The History of Toy Robots
People have been building mechanical figures as far back as ancient Greek times. In 1206, a Muslim engineer and inventor called Al-Jazari built what is believed to be the first programmable humanoid robots. They were musicians that played instruments while floating in a boat on a lake to entertain royal guests. Inventors continued to experiment with the idea of an automated human, including Leonardo da Vinci who made detailed drawings of a mechanical knight. Like a lot of his mechanical drawings, scientists and historians don’t know if he ever actually constructed this knight, but one has been built from his drawings in more modern times, and this robot is able to sit up, move its arms, head and jaw.
The most complex mechanical creations were designed and made by a Japanese craftsman named Hisashige Tanaka who lived from 1799 to 1881. Among these toys were figures that could serve tea, shoot arrows and write.
Japanese factories had begun making simple tin toys in the late 19th century. Japan had observed the large profits earned by German manufacturers and hoped to obtain a share of the market. Japan produced a cheaper, more simple version of the German toys and by the end of WWI, Japan enjoyed the larger share of the business, leaving Germany far behind.
As a means to rebuild the Japanese economy post-WWII, many products that were previously made in the U.S. were sent overseas to be made in Japan. U.S. toy importers then bought the Japanese-made toys to sell to American customers. By the mid-1950’s, Japan had become the world’s primary toy manufacturer.
The word “robot” was first used in reference to artificial people by the Czech author Karel Capek in 1921. It originated from the Czech word “robota”, meaning “work” or “labor”.
The first tin toy robot to be made is believed to be Lilliput from Japan. The square, yellow robot was always thought to date from the 1930’s, but experts now believe he was actually first made in post-War occupied Japan around the mid-1940’s. The next robot that was released was Atomic Robot Man in the late 1940’s. He was given out as a promotional gift at the 1950 New York Sci-Fi Convention.
In 1940 Isaac Asimov released a series of short stories for “Super Science Stories Magazine” featuring a robot that develops affection for a child whose duty is was to protect. Asimov was responsible for developing the Three Laws of Robotics. These stated that (1.) A robot may not injure a human being, or through inaction, allow a human being to come to harm. (2.) A robot must obey the orders given it by human beings except where such orders would conflict with the First Law. (3.) A robot must protect its own existence as long as such protection does not conflict with the First or Second Law. (James Isam, robotics.megagiant.com.)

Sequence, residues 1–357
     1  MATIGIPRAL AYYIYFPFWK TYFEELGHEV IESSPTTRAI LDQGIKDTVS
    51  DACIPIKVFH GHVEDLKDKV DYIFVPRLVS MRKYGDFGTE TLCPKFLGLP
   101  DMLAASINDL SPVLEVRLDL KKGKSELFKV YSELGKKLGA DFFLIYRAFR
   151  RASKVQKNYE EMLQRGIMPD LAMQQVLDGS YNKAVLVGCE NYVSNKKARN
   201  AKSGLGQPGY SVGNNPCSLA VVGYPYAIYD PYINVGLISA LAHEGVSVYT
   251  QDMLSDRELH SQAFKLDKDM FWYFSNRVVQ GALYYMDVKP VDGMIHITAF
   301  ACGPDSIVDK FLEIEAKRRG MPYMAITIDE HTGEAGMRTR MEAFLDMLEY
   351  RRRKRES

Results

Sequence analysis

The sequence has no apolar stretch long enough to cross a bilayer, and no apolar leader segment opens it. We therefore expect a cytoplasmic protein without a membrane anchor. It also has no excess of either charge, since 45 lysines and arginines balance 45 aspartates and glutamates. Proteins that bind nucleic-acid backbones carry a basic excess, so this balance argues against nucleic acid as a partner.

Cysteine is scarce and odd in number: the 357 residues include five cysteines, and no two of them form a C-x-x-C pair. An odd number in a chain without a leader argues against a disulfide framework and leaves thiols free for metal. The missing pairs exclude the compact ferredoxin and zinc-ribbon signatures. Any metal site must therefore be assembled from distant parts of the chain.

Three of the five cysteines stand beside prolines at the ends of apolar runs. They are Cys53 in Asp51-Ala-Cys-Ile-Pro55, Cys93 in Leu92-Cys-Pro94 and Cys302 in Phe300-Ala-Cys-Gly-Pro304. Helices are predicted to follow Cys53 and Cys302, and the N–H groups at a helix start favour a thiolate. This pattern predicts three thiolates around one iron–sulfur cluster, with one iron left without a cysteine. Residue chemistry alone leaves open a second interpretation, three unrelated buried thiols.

Sparked by Asimov’s stories, popular culture’s fascination with robots only grew from there.
The first tin toy robot may have been made in Japan, but in fact, American companies manufactured the majority of the early toy robots. There was the Ideal Toy Corporation’s Robert the Robot, released in 1954. He was able to walk and talk, while his arms swung and his eyes lit up. These motions were initiated by a remote control that connected to the robot’s back with a wire. The release of Robert the Robot was followed by Marvelous Mike, The Robot Dog, Z-Man, Marx Electric Robot and Big Max. To compete with the American market the Japanese released a new and improved battery-operated robot in 1955 that didn’t require any wires.
We have seen robots evolve from a courtly amusement, to the hottest toys ever, to advanced technologies like artificial intelligence. But at Retroplanet.com our favorite incarnation of the robot is that of a retro toy. Robots can revive childhood memories that send you back in time at warp speed. So be sure to take look at the reproduction robots, posters, framed art and even drink coasters that we carry. They’re “out of this world”!
Click here to view all Retroplanet.com Robot products. Our reproduction robots have a video on the product page so you are able to watch what each robot can do. Some shoot sparks, rotate and have blinking lights! All of them walk! The videos are cool and fun—just like these Robots!